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Ancient Medicine for a Modern Age

Reprinted from PN April 2009

Buyang Huanwu Decoction, a Chinese herbal medicine used for centuries to treat a variety of disorders, including paralysis.

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This update discusses Buyang Huanwu Decoction (BYHWD), a Chinese herbal medicine used for centuries to treat a variety of disorders, including paralysis. From a Traditional Chinese Medicine viewpoint, it’s used to invigorate the body, enhance blood circulation, and activate qi flow through energy meridians. The decoction contains extracts of various Chinese herbs, including astragalus, dong quai, red peony root, Rhizoma Chuanxiong, peach seed, safflower, and—perhaps the decoction’s crème de la crème—earthworm extract.

According to Science…

Demonstrating that ancient wisdom often has much validity, scientific studies indicate that BYHWD exerts neuroprotective and regenerative effects. For example, animal research suggests this herbal decoction can promote nerve regeneration after stroke and peripheral-nerve and spinal-cord injuries (SCIs).

In the case of SCI, Dr. An Chen et al. (China) have evaluated BYHWD in a rat model of injury in which one side of the cord was transected at the cervical level (J Ethnopharmacol 2008; 117(3)). After transection, the rats were administered BYHWD or distilled water for eight weeks through a stomach tube. After this time period, the number of surviving neurons on the cord’s injured side for BYHWD- and water-treated groups were compared to the neuron level on the noninjured side. Compared to the uninjured side, 78% of the neurons remained with the BYHWD-treated rats compared to only 58% of the water-treated rats. In other words, the BYHWD decoction reduced neuron loss from 42 to 22%.

In addition, cell bodies of surviving neurons atrophied by 64% in the water-treated controls compared with 35% in the BYHWD-treated rats. Hence, BYHWD enhanced the robustness of surviving neurons.

Especially significant, only in the BYHWD-treated rats did axons regenerate through the injury site. And, as expected with such regeneration, these rats recovered more forelimb function, the physical area affected by this experimental injury.

In another study, Dr. Lihong Fan and colleagues (China) evaluated the effects of BYHWD in a rabbit model of SCI (J Tradit Chin Med 2006; 26(2)). In this model, injury was generated by temporarily shutting off blood flow to the spinal cord’s lumbar region (i.e., ischemia), affecting hind-limb function. The rabbits were treated with BYHWD or saline starting seven days before injury and continuing two days after injury. Hind-limb function was then measured using a scale ranging from 0 (complete paralysis) to 5 (normal function). Forty-eight hours after injury, the BYHWD-treated rabbits averaged 3.4 on this scale compared to 2.6 for the saline-treated controls.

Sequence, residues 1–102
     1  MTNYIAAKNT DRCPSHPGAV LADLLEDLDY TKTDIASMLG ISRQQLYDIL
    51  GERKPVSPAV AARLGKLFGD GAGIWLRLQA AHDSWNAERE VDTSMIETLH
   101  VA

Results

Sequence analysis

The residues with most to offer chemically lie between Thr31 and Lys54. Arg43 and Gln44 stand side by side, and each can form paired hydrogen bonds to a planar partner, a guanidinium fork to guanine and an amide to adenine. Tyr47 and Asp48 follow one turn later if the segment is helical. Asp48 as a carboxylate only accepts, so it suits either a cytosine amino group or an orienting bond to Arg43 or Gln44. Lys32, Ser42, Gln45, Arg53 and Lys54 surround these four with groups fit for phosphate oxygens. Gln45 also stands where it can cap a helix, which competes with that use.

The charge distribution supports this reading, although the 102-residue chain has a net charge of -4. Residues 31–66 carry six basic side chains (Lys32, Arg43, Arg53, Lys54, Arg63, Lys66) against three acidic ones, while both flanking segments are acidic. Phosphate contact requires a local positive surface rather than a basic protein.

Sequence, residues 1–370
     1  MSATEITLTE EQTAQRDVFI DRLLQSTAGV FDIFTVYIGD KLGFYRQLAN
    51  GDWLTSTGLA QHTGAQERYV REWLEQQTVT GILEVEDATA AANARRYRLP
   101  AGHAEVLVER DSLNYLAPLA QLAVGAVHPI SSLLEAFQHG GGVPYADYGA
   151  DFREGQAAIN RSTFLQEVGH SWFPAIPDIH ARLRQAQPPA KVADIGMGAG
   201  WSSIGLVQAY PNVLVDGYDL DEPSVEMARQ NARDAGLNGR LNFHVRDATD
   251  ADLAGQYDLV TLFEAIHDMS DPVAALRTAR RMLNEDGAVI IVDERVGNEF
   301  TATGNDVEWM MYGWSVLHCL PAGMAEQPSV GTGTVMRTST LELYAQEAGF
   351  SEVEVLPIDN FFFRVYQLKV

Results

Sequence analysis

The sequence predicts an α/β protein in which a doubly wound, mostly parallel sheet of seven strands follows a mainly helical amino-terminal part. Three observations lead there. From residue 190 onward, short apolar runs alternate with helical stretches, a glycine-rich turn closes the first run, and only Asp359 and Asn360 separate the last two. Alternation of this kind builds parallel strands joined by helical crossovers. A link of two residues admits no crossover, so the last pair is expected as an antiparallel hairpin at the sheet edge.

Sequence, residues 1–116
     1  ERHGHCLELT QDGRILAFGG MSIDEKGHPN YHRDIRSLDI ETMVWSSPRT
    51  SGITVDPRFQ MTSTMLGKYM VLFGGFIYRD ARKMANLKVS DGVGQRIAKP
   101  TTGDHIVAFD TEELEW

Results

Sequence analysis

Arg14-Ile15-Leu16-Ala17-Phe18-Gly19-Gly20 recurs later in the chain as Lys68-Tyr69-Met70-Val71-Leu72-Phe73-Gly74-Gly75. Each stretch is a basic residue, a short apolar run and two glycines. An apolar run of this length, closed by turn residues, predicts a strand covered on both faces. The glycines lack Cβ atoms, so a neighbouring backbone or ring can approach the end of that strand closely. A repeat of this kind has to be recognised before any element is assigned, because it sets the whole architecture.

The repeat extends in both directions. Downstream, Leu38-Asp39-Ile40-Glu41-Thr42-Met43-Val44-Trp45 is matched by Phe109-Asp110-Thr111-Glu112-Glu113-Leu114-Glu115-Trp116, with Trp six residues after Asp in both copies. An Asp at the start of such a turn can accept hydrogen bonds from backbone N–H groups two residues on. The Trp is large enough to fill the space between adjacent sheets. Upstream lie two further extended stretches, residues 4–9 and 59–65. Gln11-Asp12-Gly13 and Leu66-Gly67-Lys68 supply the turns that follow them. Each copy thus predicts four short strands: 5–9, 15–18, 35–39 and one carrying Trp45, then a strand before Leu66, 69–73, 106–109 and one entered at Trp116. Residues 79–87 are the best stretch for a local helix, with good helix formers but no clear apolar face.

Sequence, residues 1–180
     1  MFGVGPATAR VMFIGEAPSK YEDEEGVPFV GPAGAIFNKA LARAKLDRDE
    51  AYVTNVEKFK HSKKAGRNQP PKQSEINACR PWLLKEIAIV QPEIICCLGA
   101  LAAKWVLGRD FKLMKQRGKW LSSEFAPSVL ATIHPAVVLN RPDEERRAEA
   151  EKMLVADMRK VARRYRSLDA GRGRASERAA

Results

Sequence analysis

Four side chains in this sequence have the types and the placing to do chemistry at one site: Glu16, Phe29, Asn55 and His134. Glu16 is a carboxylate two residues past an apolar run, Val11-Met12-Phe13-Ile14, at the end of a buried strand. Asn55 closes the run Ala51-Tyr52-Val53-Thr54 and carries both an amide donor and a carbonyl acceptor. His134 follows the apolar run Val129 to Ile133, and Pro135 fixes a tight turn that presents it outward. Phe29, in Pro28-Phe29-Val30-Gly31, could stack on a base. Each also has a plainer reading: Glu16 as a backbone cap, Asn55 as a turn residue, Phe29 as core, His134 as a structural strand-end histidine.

With respect to peripheral-nerve injuries, Dr. Yueh-Sheng Chen et al. (Taiwan) demonstrated that BYHWD stimulates growth in regenerating nerves (Am J Chin Med 2001; 29(3-4)). In this study, a 10-millimeter gap was created in the rat sciatic nerve (running down the leg from the back) and then bridged by a silicon-rubber tube. Regeneration across the gap was compared in BYHWD-treated rats and control animals who received no BYHWD. Nerves regenerated across the gap in 89% percent of the BYHWD-treated rats compared to only 70% of controls.

BYHWD may mediate its neuroprotective effects through several physiological mechanisms. For example, scientists have shown that BYHWD (1) stimulates the outgrowth and differentiation of neuronal stem-cell neurites (processes budding out from immature neurons, such as developing dendrites and axons), (2) inhibits apoptosis—a post-injury, programmed death of spinal-cord cells, and (3) decreases free radical generation and associated lipid peroxidation, biochemical processes that cause further damage to the injured cord.

Conclusion

Although these BYHWD-related improvements seem modest, it is important to note that studies have shown that substantial physical function can be retained even if only a relatively small proportion of neurons survive the injury. In this regard, we should also note that the commonly regarded postinjury standard of care, methylprednisolone, has statistically modest at best effectiveness; one senior scientist noted, “Evidence of the drug’s efficacy and impact is weak and may only represent random events” (Hurlbert RJ, J Neurosurg 93(1 suppl), 2000).

Perhaps, given such reservations, we need to open-mindedly evaluate the therapeutic potential of various phytomedicines coming out of the wisdom of ancient healing traditions.

Contact: laurancejohnston@ msn.com.

 

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Ancient Medicine for a Modern Age

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